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    It sounds like you have reached a stage in your tennis where tactics start to play a bigger role. This is usually around the 4.5 - 5.0 mark where everyone can handle any amount of pace if they have time to set up.
    (ie, you 'hammered it', sure, just straight to the other guy!)

    Funnily enough, the solution is often pretty simple, go back to the most basic tactics. Hit CC until you get a shorter ball, then hit that into the open court. But be prepared to hit quite a few shots before you get the chance to end the point.

    you might argue that this makes your tennis predictable, and that is true, but 'knowing' Nadal is going to spin it heavily to my BH doesn't make it any easier to deal with, and the same will be true of your opponents if you can 'hammer' your groundstrokes deep into the corners time after time.
    THere is a big difference between being a 'grinder' and a 'pusher', remember, you can still be aggressive, just with a bit more strategy.

    (my son has just gone through this, up until recently he has been able to just overpower his opponents with sheer weight of shot, but he has moved up an age division and now he has to place them better or they just come back with interest to a better part of the court..)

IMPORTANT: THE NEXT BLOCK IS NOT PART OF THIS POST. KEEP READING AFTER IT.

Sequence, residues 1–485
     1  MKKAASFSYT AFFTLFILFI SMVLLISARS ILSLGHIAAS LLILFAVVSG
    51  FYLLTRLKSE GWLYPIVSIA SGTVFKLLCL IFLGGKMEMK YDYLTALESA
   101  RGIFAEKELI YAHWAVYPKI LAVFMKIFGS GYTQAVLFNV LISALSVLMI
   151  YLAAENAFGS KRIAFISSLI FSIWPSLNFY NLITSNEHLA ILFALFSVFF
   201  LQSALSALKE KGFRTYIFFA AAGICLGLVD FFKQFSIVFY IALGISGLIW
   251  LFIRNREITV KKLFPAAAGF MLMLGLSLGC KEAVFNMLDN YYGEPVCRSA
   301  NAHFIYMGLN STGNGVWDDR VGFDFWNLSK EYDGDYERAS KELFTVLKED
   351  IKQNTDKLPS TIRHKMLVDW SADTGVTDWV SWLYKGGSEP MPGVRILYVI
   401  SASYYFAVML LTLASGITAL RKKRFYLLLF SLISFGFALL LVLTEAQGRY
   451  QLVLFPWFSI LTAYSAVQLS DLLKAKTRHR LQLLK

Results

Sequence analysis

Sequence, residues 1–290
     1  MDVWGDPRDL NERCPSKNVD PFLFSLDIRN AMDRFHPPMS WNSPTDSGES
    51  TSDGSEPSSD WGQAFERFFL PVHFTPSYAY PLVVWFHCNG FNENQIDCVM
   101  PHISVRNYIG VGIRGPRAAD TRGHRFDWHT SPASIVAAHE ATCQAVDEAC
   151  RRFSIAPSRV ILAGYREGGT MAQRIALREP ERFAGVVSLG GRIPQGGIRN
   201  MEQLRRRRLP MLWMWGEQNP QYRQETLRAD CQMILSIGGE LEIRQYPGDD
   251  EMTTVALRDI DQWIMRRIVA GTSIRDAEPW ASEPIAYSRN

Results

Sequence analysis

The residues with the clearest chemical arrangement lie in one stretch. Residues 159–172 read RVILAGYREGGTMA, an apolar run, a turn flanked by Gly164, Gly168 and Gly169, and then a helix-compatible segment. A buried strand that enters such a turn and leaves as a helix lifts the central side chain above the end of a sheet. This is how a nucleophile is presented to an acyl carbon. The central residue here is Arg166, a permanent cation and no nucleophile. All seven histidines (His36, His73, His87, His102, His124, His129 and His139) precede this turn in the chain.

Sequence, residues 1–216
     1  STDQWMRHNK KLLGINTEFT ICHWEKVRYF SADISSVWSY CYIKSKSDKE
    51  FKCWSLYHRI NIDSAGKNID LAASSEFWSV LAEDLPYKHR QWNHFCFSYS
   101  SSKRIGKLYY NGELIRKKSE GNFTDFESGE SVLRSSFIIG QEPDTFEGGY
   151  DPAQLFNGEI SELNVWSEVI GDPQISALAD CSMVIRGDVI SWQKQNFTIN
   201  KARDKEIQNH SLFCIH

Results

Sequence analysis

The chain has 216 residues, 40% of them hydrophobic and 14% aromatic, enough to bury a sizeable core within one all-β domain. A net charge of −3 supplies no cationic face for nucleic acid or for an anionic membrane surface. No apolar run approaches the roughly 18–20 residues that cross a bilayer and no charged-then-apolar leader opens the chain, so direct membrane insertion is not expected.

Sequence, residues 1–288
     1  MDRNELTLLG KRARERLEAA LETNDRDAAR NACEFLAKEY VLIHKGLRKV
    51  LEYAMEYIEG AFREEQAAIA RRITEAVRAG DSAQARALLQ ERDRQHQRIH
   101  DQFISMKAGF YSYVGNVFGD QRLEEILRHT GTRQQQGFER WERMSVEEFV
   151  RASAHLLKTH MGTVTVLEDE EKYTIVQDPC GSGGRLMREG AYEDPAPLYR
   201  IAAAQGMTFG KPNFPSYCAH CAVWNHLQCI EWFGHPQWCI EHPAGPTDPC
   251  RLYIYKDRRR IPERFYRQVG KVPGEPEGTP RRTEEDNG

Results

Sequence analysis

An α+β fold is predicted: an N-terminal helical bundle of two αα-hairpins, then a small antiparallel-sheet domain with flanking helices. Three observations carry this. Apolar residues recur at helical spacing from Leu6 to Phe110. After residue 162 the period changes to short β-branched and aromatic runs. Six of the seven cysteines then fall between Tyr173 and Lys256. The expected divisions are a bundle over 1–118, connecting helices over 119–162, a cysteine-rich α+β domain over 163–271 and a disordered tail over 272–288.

Last edited: Nov 18, 2012
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  7. OrangePower

    OrangePower Hall of Fame

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    Let's not confuse a grinder with a pusher. A pusher does not have developed shots, and relies purely on your errors to win. Versus a higher-level grinder, who has developed shots, can put short balls away, but prefers to play a defensive high-percentage baseline game rather than going for aggression on rally balls.

    A grinder will make you win the point several times over, since he is very good at neutralizing your offense by making deep recovery shots.

    Also, sometimes when you are aggressive, it is hard to regain your balance quickly after a shot. Same goes for big servers. You will therefore find yourself off-balance or with poor footwork against a good grinder, since he will be getting back shots you don't expect to come back, and get them back deep and before you have fully recovered your position from the previous shot.